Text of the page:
Of the two political options, tax credits are more legally viable than vouchers, because they are private funds, while vouchers are government funds.
State courts have repeatedly ruled that vouchers are government funds, and the disbursement of government funds to religious schools is expressly prohibited in most states by anti‐Catholic “Blaine” amendments dating back to the turn of the last century. Many states also have “compelled support” clauses, which accomplish the same result through different language. And because the elimination of religious schools from choice programs excludes around 90 percent of current private schools, this renders any such program largely ineffectual.
Religious clauses are the highest‐profile threats to voucher programs, but vouchers are vulnerable to many other constitutional provisions as well. Recent voucher defeats were based upon seemingly innocuous education clauses common in state constitutions. In Colorado vouchers were brought down in 2004 by a clause mandating local control over local revenue, and in Florida they were overturned in 2006 based on a clause mandating a “uniform” system of education. Neither of these rulings had anything to do with religion, but both rested on the fact that vouchers are considered government funds.
In 2002, University of North Texas professor Frank Kemerer reviewed each state’s case law and the state’s judicial climate in order to characterize the likely orientation of the courts if a voucher law were to be challenged. He concluded that 17 states have a restrictive orientation toward vouchers, 19 states have a permissive orientation, and 14 states have an uncertain orientation. So far, voucher laws have been ruled unconstitutional in two out of the four states in which they’ve been challenged: Colorado and Florida. (These cases concluded after Kemerer’s paper, which listed them as “uncertain,” was published.)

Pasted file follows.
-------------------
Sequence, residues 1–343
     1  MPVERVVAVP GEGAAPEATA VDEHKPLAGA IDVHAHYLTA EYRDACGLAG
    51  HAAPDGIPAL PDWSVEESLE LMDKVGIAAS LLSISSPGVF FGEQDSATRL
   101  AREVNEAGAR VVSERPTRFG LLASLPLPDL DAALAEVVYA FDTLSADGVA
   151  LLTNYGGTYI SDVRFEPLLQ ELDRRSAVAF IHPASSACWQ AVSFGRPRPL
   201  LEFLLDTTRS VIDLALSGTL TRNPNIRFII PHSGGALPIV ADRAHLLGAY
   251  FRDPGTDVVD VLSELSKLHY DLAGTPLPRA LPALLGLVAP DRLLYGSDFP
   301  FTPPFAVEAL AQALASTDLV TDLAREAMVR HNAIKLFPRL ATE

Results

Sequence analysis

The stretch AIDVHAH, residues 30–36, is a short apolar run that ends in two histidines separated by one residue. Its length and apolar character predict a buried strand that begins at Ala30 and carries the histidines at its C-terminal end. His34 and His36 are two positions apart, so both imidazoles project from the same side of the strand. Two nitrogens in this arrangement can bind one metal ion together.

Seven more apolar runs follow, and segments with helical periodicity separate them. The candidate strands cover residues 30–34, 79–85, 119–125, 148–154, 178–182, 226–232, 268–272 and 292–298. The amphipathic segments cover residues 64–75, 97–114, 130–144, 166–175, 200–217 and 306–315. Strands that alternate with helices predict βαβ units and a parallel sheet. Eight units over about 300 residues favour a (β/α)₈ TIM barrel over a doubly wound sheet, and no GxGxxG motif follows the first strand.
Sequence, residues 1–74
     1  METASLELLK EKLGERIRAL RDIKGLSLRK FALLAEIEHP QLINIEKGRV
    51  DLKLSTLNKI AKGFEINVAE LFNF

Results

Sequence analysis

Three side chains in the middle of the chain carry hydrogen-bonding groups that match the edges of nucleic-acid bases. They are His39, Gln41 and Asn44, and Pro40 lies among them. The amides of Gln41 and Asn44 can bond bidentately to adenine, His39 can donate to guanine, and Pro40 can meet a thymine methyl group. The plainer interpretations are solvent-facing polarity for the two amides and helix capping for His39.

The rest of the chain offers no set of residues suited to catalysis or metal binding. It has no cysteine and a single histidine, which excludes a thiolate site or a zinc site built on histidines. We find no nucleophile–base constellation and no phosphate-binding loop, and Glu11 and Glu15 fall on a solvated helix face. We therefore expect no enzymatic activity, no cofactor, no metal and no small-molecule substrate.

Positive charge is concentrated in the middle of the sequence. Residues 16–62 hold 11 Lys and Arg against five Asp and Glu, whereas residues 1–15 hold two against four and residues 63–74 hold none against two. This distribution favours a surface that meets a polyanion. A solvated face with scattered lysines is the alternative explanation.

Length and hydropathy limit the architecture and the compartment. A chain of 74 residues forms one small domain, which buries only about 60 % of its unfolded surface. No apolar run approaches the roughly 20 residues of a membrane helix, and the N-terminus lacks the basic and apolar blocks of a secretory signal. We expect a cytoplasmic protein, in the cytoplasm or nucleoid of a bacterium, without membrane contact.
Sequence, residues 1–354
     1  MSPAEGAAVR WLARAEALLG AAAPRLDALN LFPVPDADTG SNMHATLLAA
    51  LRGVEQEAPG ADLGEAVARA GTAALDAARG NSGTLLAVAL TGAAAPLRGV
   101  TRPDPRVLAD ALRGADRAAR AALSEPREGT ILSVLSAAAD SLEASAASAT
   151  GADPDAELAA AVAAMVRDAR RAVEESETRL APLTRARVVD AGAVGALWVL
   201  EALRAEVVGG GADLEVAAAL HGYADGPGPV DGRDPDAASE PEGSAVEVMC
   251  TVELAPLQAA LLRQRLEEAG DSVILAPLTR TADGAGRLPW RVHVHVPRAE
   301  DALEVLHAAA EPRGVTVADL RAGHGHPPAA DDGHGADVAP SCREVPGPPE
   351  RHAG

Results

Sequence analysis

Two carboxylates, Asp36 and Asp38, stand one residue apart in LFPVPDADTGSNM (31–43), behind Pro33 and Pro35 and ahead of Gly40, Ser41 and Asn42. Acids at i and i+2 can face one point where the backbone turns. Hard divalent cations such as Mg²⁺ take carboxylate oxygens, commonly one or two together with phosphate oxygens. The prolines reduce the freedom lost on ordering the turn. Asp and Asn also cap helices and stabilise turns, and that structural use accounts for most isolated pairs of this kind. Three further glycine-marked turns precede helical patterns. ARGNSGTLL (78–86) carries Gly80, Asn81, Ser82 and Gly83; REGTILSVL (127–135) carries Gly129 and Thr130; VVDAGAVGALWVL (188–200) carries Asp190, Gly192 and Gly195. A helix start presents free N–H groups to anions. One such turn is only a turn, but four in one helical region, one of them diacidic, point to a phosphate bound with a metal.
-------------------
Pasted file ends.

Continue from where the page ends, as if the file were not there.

The Institute for Justice, a libertarian public interest law firm that has defended many school choice programs in court, comes to a similar, if more optimistic, conclusion in a recently completed comprehensive study of state constitutions and legal precedent. IJ recommends that tax credits, but not vouchers, be pursued in 32 percent of states and that either credits or vouchers be pursued in most of the rest.
IJ’s analysis likely underestimates the legal difficulties vouchers face in states even without restrictive Blaine or “compelled support” amendment precedent. The plight of Florida’s and Colorado’s voucher laws shows that courts disposed against vouchers can find creative ways to overturn them, relying upon their status as government funds and myriad other constitutional provisions.
The general legal difficulties that vouchers face, in other words, can significantly dampen political and legislative support relative to tax credits. Politicians and other political actors consider the disposition of the courts and are much less likely to fight for and pass legislation that has a high probability of being voided by the courts.